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Baccarat: In 1764, King Louis XV of France authorized the Bishop of Metz, Louis de Montmorency-Laval, to establish a glassworks, originally named "Saint-Anne glassworks," in the village of Baccarat situated in the Lorraine region on the banks of the Meurthe River. Early production consisted of window panes, mirrors, and stemware until 1816 when the first crystal oven went into operation and the company was renamed Compagnie des Cristalleries de Baccarat. The first royal commission was granted to Baccarat in 1823.
ball and claw foot: A furniture foot cut to imitate a talon or claw grasping a ball. Of Chinese origin, the motif was greatly used in 18th century English furniture.
baluster: A turned, vase shaped vertical post supporting the rail of a staircase, balcony or splat of a chair.
banding: Strip of veneer used as a border for table tops, drawer fronts, etc.
banneton: French baguette basket used in boulangeries throughout France. Usually made from willow. Provided structure for sourdough breads and wicked moisture from the crust during proofing. Typically have a linen lining sewn with twine that prevented the dough from sticking to the sides. The cloth was often left unwashed to let the yeast and flour collect, aiding in the proofing process. After the dough had risen, it was removed from the basket to bake and then put back in the basket to cool. French bakers used these baskets until they were literally ready to fall apart, so many of the antique ones have a heavily worn appearance.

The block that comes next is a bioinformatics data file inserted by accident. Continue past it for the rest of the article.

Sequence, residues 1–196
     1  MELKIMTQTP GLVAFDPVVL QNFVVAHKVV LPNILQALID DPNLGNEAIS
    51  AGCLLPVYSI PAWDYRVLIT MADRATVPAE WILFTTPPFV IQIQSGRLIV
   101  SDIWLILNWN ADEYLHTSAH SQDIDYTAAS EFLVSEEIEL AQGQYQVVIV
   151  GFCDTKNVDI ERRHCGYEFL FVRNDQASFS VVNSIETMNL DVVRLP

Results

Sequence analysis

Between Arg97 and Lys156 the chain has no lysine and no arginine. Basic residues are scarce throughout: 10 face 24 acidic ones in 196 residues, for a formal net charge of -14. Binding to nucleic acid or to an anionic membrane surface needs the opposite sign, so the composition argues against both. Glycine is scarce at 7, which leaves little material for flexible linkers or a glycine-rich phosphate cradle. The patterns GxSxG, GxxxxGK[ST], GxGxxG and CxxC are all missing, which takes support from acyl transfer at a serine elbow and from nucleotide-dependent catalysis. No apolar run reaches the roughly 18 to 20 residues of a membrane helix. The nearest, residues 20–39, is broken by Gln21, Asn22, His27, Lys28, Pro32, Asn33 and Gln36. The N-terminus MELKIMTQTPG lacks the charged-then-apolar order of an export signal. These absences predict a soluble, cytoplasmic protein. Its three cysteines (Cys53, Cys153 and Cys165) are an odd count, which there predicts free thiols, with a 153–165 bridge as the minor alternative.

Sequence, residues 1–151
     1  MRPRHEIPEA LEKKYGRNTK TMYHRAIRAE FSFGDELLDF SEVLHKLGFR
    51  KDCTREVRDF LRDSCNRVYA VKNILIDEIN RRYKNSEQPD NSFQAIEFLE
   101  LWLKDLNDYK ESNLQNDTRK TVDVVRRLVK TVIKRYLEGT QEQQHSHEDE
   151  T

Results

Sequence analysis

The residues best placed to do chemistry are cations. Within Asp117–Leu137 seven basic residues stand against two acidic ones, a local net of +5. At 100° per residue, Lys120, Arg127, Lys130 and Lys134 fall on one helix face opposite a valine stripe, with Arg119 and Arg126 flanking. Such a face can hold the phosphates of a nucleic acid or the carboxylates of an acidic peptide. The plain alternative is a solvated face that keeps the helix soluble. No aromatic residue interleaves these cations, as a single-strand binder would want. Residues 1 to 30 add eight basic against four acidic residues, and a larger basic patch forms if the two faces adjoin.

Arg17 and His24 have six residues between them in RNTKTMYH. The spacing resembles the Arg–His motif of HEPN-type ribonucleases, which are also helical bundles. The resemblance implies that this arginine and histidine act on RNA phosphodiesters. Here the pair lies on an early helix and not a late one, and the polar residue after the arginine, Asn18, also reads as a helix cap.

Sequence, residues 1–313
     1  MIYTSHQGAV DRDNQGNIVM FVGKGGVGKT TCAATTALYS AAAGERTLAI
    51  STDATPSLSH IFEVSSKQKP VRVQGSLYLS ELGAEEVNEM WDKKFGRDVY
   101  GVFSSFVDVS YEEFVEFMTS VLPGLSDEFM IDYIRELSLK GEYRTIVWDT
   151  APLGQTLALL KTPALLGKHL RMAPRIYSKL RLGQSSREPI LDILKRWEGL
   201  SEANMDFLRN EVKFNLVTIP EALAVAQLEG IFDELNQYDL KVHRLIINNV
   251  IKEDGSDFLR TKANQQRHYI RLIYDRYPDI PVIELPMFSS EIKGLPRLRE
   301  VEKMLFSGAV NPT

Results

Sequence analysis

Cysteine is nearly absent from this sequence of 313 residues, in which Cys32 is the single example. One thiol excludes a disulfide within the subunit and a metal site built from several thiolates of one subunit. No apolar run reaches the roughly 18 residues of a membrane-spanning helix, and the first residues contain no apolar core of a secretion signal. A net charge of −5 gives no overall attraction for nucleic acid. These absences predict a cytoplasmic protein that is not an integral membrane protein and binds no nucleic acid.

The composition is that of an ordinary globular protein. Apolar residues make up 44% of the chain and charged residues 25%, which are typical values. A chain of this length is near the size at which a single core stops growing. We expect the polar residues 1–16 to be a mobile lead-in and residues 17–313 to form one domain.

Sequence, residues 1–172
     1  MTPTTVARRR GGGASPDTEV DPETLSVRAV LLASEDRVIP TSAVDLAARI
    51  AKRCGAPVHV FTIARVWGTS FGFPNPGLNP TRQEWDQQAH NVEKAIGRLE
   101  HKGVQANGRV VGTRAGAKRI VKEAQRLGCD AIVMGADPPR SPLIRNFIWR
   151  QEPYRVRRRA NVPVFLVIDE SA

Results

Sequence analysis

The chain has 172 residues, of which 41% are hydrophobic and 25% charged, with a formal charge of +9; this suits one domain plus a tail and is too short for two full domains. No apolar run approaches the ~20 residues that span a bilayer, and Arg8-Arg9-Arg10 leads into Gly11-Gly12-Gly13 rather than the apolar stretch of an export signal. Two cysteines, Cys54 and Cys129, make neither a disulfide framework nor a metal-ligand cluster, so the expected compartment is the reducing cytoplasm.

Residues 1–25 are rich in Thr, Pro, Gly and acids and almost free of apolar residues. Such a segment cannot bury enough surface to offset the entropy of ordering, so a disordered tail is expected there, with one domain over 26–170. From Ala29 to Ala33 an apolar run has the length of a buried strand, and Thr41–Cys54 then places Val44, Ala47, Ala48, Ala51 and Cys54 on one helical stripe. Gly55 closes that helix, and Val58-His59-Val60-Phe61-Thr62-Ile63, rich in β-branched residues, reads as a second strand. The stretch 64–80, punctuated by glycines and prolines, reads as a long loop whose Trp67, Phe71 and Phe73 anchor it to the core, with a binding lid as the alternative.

barbotine: French majolica. Earthenware having an opaque glaze of tin oxide and usually highly decorated.
barley twist: A turned furniture leg or column that resembles a screw thread. The French refer to the twisted column as a torsade.
Baroque: An elaborately ornamented style that originated in Italy during the late 16th century and spread throughout Europe. It was refined during the reign of France's Louis XIV (1638 - 1715). Characterized by over scaled, bold details and sweeping curves, the Baroque style favored flamboyant carving, painting and gilding. Typical motifs included acanthus, shells and elaborate scrolls.
bas d'armoire: Literally, " low armoire." A low wardrobe used for storing clothes. Because there are two doors and no drawers this cabinet is known as a low armoire as opposed to a buffet that includes drawers.
bas-relief: Sculpture in which the carved decoration projects outward from the solid flat background.
bassette: A French term meaning "low armoire."
Belle Époque: Period between 1871 and 1914 in France, characterized by marked advances and productivity in the arts, literature, and technology. Literally, "the beautiful epoch."